One of the key factors in becoming more social is the ability to make small talk, especially when you are amongst new people. Remember, you may not be the only introvert in a room full of strangers, but you may be mentally stronger than the rest. If they don’t feel they can talk to anyone, walk up to them and start by introducing yourself. Then, ask them about who they are and how they are feeling. Most people love talking about themselves, but they don’t know how to start.
7. Be genuine
Whether you are catching up with a good friend or meeting someone totally new, be genuinely present in the conversation. Keep away from your phone, avoid looking at the watch, and basically, stop doing anything that shows your disinterest in what others are saying. Being completely present not only tells others that you are compassionate, but it also makes for some really interesting conversations.
8. Keep an open-mind
When you start being social, one of the critical things that you would notice is how humans are different – in their thoughts, life choices, opinions about matters, decision making, and many others. You are likely to meet people from all walks of life when you start meeting new people. It is important that you keep an open-mind towards everyone.
You don’t have to necessarily agree with everything, but it is imperative that you be respectful towards others’ beliefs. Sometimes, the best friendships and relationships comprise two extremely distinctive people who challenge each other for the better.
9. Invite and be invited
As an introvert, it is highly likely that you usually wait for your friends and family to reach out to you for social gatherings. Surprise them (and yourself) by throwing a party or an event and reaching out to them, even those close friends from high school that you lost contact with. And, when someone invites you for dinner or a movie, stop faking a headache and go out.
10. Make time for your life
If your weekdays are overloaded with work, find a community activity or a group outing to attend on the weekend. Make time for the people in your life. That way, you not only improve your social skills but give yourself a chance to unwind and rejuvenate your mind before the next hectic week starts.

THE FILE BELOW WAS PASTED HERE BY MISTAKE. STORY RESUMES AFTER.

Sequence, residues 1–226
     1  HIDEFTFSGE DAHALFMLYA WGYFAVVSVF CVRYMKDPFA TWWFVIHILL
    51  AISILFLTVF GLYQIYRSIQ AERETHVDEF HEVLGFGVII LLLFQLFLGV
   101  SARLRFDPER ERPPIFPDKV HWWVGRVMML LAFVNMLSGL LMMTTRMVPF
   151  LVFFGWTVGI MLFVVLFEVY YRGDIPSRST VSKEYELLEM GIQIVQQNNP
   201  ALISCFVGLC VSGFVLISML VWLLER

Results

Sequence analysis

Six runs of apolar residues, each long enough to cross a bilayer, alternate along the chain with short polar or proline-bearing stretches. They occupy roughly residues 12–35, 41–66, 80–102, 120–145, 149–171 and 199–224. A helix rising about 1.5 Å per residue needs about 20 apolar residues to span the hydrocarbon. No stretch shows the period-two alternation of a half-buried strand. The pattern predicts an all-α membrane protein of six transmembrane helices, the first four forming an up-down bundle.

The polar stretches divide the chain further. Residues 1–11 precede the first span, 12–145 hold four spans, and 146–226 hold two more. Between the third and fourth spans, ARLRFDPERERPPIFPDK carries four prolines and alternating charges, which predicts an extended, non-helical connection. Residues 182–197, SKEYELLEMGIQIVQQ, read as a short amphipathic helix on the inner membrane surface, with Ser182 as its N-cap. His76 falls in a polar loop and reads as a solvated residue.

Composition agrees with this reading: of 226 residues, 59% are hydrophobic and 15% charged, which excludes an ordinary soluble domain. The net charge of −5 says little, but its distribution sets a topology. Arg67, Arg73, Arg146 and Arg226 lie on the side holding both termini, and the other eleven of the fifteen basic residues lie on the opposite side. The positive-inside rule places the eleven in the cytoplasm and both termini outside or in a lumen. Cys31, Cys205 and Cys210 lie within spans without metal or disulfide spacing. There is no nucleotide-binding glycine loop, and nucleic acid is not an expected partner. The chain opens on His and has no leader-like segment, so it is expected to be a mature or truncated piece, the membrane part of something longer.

While some people are just introverted in nature, others may actually suffer from certain mental health conditions that prevent them from being surrounded by people. Keep in mind that your well-being is as important as being social, maybe even more. But, if there’s nothing stopping you from making yourself available and form new bonds and friendships, take a leap of faith and get out of that comfort zone. Take the time you need and gradually begin to transform your life – one step at a time.
Namrata is a Doctor i.e. dentist turned writer and a clinical researcher. Eager to learn about anything and everything, she is what you would call a jack of all trades and master of none. With a zeal for reading novels, books, and anything she could get her hands on ever since she was little, she embarked into a writing career purely out of luck. After indulging in a freelancing career for nearly two years, she can now write on anything - from dentistry to decor, travel to technology, medicine to management - but the psychology remains her first love. Having dealt with mental health issues in the past, she hopes to raise awareness for the same and help people with her work in association with The MindFool team